Sacred Heart Medical Center used the DEC program last year to help a child who was admitted to the hospital after ingesting methamphetamines left by his mother and father. Police investigated, both parents were arrested, and the child was taken into protective custody.

The help that DEC gave that young child, and more than 400 others, is how Spokane County has measured the group’s success, Winston said. Spokane’s DEC program helps 15 to 20 children per month on average, officials said.

Since the start of Idaho’s program in 2002, there have been 178 DEC investigations that resulted in 91 children being removed from their homes, said Idaho State Police Maj. David Kane, who oversees statewide investigations.

Most DEC programs are introduced by law enforcement agencies in response to the meth epidemic. Idaho’s DEC program is one of a few that are statewide.

“The advantage is everyone is using the same protocol to remove children from a (drug) home,” Kane said.

Spokane, Thurston and Pierce counties offer DEC programs in Washington, according to the state’s Office of Environmental Health and Safety.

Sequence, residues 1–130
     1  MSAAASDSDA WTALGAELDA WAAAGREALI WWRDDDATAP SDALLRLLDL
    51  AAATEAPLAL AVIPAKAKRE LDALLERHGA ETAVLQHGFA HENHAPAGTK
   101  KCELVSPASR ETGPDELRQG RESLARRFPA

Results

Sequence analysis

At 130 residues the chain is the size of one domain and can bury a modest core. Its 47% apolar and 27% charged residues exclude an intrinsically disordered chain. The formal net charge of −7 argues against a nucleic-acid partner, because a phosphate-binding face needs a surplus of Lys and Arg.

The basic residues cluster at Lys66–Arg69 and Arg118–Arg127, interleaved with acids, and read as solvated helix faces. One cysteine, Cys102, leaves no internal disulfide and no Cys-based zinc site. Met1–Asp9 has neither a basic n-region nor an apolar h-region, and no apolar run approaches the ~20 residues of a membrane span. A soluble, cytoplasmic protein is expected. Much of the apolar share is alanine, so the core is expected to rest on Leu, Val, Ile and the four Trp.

Lisa Lydon, a Washington assistant attorney general and a member of Spokane County’s DEC program, said the group is working toward creating a statewide alliance.

“We want to bring the concept of how to deal with drug-endangered children to as many counties as possible,” Lydon said. Smaller counties might not be able to offer a complete DEC program, she said, but a statewide alliance could fill some of those gaps.

Feds join in

From its origins in Riverside County, Calif., DEC has spread from the ground up. Counties, then states, began adopting programs. The federal government got involved in 2005 with the National Drug Endangered Children’s Alliance.

“We’re fledglings on this. It’s kind of new,” Winston said. “Even the federal government is new at this.”

The national alliance was created as a resource for agencies that want to launch DEC programs and to help states coordinate programs, like Idaho’s, said operations manager Julie Ray. The organization offers information about how to get a DEC program started, inspiring stories about why DEC works, and funding and grant opportunities.

Because the program is so new, no national data have been collected, Ray said. People want it, but the alliance hasn’t put together an organized way to compile and disseminate information.

“One of the goals is to get each state to report the information,” so the national alliance can act as a clearinghouse, she said.

About a dozen states worked toward the creation of the National DEC Alliance, and Washington and Idaho DEC representatives were among them, said Lori Moriarty, executive director of the national program.

While the DEC program began with a focus of rescuing children from meth labs, it has expanded to include parents who possess all illegal drugs.